Calling for a Palliative Care Culture

Palliative care, the “medicine of the future,” (Dr. Carlos Centeno) has more than a clinical dimension. It has social and political dimensions that spring from its grounding in a commitment to relieve total pain, which includes spiritual pain. The social and political dimension of palliative care has the potential to heal body politics damaged by systematic indifference to what societies perceive as unworthy and unsuccessful. It heals by normalising new ecologies of care that honor and include patients, providers, families, and the wider community. The novel patterns, or resonances, characteristic of palliative care, paradoxically, embody the classical virtues of practical wisdom (skill), generosity, compassion, courage, friendship, and prudence. They provide an interpretive key to optimal (evolving) human functioning that perfects, rather than challenges, conventional, or curative medicine.

The approach proclaims, through its praxis, that how individuals die matters to the health and well being of the society, polity, or state. Simply put, the how, why, and wherefore, of every single death, however anonymous or humble, either damages or dignifies the body politic as a whole. As John Donne said many centuries ago, in lines that are just as relevant today, “Any man’s death diminishes me, because I am involved in Mankind.” (MEDITATION XVII, Devotions upon Emergent Occasions)

Our medicalised modern cultures render reason and mystery mutually exclusive, define death by disease as failure, and dying as disgraceful. Providers and policymakers alike marginalise ageing and dying individuals, while formulating largely ineffective strategies to prevent deaths from violence or epidemics, terrorism, and famines. Deaths in pain and distress without without palliative care and pain relief, in remote villages and slums, do not compel political attention or budgets. It is palliative care’s mission to demonstrate that each is morally significant, restoring patients’ and families’ quality of life where possible, and attending meticulously to the dying period when necessary.

Palliative care enacts new patterns and algorithms that signify an evolutionary turn. As Sir Julian Huxley noted in his preface to Teilhard de Chardin’s Phenomenon of Man, “Evolution…becomes primarily a psychosocial process, based on the cumulative transmission of experience and its results, and working through an organized system of awareness, a combined operation of knowing, feeling, and willing. [This] gives rise to new patterns of cooperation, new organizations of awareness, new and often wholly unexpected possibilities have been realized.” (Huxley Introduction, Phenomenon of Man, Teillhard de Chardin)

 

Palliative care is one such “new pattern of cooperation and new organisation of awareness.”

Building policy support for palliative care requires presenting it in a positive, albeit instrumental, light: palliative care can be preventive: protecting caregivers and family members against stress induced disease; it can heal: attend to multigenerational wounds and fractures. It can support productivity and participation: basic pain relief and essential services can restore patients’ and families’ autonomy and independence, restoring them to one another and to the community. Policy makers need to see palliative care as an investment, rather than a costly add-on. Developing it will stimulate a palliative culture. A palliative culture privileges presence and accompaniment in the last chapters of life as an honour and a privilege, rather than a burden; as an opportunity for enrichment and spiritual growth of patients, families and caregivers, rather than a dreaded chore assisted dying could take care of.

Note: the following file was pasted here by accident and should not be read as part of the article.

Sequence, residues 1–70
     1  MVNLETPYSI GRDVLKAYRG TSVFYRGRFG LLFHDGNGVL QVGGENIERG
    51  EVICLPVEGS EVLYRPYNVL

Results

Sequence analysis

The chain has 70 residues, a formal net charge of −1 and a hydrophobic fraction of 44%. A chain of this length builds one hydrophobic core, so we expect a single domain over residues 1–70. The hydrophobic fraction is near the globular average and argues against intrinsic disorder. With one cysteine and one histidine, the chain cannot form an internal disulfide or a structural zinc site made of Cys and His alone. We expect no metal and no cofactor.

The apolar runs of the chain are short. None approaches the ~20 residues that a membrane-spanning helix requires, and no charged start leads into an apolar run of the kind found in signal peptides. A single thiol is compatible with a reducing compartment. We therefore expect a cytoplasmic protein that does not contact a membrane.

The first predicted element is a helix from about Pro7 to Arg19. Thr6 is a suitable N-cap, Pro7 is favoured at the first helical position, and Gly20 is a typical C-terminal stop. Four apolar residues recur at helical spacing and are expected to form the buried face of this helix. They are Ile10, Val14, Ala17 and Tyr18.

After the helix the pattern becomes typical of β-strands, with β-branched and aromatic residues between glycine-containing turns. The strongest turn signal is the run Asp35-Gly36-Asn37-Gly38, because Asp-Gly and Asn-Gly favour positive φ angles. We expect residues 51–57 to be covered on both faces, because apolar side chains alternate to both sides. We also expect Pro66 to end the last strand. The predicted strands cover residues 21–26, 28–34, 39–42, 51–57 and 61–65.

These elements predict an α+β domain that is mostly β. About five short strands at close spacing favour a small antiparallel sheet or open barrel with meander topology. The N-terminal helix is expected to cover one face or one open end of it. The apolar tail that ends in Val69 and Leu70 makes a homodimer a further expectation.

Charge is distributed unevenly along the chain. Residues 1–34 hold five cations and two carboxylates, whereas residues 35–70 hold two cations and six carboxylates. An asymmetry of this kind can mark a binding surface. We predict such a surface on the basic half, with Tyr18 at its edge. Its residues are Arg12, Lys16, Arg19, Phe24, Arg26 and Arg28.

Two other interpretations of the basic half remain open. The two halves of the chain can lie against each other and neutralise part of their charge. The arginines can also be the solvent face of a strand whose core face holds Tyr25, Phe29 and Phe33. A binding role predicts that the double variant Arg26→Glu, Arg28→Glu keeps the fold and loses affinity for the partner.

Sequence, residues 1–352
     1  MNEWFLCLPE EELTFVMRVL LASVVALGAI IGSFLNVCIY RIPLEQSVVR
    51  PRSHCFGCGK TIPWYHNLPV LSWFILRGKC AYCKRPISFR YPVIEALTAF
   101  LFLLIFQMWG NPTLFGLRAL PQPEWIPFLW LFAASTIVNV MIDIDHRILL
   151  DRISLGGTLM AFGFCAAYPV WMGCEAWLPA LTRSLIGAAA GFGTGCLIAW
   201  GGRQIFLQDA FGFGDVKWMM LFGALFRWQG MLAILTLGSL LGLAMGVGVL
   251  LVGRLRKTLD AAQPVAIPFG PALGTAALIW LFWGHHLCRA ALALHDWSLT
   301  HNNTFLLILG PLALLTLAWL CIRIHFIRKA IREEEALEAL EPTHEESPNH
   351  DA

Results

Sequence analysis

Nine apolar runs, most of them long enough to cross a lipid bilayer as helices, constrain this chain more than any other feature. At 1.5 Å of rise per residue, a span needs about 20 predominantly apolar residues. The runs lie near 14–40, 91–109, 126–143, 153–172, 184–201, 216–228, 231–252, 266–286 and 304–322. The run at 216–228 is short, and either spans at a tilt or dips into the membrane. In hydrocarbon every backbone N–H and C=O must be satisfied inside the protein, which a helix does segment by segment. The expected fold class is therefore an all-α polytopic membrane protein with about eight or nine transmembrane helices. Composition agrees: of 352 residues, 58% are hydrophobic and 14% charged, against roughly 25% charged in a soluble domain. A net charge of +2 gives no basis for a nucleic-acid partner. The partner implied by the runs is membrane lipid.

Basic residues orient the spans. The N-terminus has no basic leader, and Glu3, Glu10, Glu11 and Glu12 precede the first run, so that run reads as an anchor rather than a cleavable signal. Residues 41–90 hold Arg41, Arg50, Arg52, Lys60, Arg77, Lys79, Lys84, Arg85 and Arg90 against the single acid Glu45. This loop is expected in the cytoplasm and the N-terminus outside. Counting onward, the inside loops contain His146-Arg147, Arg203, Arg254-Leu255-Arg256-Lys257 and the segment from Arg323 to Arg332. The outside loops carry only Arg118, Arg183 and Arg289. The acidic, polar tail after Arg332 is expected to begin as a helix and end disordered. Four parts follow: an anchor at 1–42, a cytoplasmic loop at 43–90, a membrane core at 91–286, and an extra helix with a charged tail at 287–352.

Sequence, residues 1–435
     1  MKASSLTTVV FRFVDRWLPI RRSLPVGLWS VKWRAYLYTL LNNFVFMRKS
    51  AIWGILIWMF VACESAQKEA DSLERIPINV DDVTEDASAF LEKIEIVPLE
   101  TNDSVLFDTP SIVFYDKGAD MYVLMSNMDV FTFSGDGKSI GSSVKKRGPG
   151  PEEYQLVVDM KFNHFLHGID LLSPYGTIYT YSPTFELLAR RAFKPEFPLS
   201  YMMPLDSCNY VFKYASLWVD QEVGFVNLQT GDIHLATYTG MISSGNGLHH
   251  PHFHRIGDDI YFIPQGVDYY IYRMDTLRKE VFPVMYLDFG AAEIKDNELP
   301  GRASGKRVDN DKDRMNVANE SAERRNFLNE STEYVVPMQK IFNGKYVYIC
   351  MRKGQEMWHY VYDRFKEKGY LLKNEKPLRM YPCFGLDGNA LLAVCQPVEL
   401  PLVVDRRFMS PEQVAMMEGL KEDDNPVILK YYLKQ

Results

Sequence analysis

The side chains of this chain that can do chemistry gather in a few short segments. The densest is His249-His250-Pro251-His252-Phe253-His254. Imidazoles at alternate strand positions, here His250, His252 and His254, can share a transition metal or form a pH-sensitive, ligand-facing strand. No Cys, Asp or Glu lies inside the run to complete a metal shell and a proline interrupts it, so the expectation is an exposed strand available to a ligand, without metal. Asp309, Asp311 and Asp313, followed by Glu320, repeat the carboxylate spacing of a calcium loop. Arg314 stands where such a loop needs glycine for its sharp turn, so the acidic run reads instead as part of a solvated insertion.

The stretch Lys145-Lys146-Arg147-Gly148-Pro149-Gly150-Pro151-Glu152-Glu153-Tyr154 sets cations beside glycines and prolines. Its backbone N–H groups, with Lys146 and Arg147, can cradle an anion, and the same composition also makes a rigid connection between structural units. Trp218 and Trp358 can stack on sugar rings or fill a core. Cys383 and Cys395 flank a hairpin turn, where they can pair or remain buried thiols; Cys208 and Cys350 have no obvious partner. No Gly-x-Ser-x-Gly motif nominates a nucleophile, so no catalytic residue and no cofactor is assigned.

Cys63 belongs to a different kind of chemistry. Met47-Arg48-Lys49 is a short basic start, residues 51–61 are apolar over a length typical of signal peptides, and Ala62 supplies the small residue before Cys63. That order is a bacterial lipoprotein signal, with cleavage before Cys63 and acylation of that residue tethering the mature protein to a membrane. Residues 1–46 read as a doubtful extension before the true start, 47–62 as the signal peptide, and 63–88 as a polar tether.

Lack of palliative care in more than 80% of the world, and lack of palliative care medicines, which contain “narcotic drugs,” has driven what experts call the “global pandemic of untreated pain.” (ESMO Press Release, 9.29. 2012) A palliative culture is halting and slowly reversing this pandemic, whose source is cumulative indifference and ignorance that dates back to the golden age of imperialism. Ending the pandemic, bringing healing to damaged body politics, embodies the structural grace of palliative care praxis, where, holographically, the part contains all the information to change the functioning of the whole.

Each palliative care team at each bedside of each person with a life-limiting illness, prefigures and ushers in the Beloved Community, in a process that resembles stem cell therapy at the heart of healthcare systems. By being person- rather than disease-centered, palliative culture enfolds the marginalised Other into the whole, thereby enhancing the collective emotional intelligence, an evolutionary marker.

The grace that is the health of creatures can only be held in common.

In healing the scattered members come together.

In health the flesh is graced, the holy enters the world.

(“What Are People For,” Wendell Berry)